Fed says farmers need fewer loans

An official with the Kansas City Federal Reserve says banks made about 10% fewer non-real estate farm loans in the first quarter.  Economist and Vice President Nathan Kauffman tells Brownfield that’s because farmers had more income and stronger balance sheets. “The biggest category where we have seen some of the pullback has been in operating loans, but it’s been relatively broad-based. It’s held up a little bit better for things like farm real estate, and that’s actually been a market that’s been maybe even surprisingly strong relative to where things were a year ago at this time.”

Kauffman says the number of real estate and capital improvement loans is only down slightly from a year ago. “I would say that the market, in general, has been pretty strong. Prices are rising. Land values are rising. That’s different than where we had been a year ago or even three to four years ago for that matter.”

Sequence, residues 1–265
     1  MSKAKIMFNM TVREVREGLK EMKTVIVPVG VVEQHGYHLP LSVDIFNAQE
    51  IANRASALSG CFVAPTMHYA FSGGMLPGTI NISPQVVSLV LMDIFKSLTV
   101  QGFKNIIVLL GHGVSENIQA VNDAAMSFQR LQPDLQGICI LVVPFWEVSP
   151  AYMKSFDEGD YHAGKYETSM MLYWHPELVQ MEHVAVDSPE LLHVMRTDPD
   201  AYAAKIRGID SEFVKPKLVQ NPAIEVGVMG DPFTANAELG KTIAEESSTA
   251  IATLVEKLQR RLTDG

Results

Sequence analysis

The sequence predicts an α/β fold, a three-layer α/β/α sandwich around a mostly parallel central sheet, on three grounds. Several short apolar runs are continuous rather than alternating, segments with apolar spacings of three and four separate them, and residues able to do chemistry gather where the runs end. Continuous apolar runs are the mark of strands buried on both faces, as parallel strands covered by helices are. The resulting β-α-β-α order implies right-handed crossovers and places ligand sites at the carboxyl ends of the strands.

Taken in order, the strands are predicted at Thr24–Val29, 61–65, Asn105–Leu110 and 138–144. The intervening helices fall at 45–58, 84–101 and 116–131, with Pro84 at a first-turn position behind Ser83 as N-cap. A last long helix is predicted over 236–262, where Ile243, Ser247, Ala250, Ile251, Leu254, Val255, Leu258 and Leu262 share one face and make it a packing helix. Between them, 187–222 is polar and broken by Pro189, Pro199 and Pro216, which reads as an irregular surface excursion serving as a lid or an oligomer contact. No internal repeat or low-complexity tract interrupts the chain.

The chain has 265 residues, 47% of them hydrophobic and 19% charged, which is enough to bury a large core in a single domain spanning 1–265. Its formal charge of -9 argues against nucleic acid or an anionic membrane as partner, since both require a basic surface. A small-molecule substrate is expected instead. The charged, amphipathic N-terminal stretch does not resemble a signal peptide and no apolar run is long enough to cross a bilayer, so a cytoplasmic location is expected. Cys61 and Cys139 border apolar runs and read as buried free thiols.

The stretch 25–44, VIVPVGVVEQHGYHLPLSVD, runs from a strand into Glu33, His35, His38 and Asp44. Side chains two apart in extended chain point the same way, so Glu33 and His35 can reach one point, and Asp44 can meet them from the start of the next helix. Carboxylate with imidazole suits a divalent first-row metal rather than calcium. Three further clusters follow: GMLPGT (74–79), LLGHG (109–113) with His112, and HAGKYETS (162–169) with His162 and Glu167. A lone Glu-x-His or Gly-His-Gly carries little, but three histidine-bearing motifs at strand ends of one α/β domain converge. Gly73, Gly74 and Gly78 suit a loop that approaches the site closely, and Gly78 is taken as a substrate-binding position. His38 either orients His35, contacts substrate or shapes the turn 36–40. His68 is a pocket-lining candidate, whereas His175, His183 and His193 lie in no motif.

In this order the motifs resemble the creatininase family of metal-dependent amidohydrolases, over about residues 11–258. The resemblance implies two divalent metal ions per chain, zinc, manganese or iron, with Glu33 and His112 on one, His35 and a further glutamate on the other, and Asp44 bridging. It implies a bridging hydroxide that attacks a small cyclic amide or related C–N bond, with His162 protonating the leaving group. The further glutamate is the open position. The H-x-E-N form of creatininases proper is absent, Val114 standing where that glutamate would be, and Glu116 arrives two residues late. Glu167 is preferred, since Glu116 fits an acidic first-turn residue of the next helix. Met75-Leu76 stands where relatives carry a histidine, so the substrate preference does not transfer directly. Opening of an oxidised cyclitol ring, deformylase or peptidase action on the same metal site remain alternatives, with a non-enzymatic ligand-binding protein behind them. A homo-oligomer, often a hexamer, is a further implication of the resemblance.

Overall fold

And Kauffman tells Brownfield that even with fewer loans being made, the banks are still positioned well to make more loans. “They are flush with liquidity and stand ready to make loans. It’s just been the case that the demand for loans, at least as it relates to agriculture has been down a bit because there has been a substantial rebound.”

Kauffman attributes the economic turnaround to last year when China started placing large orders for crops, commodity prices began to rise, and coronavirus assistance became available to farmers.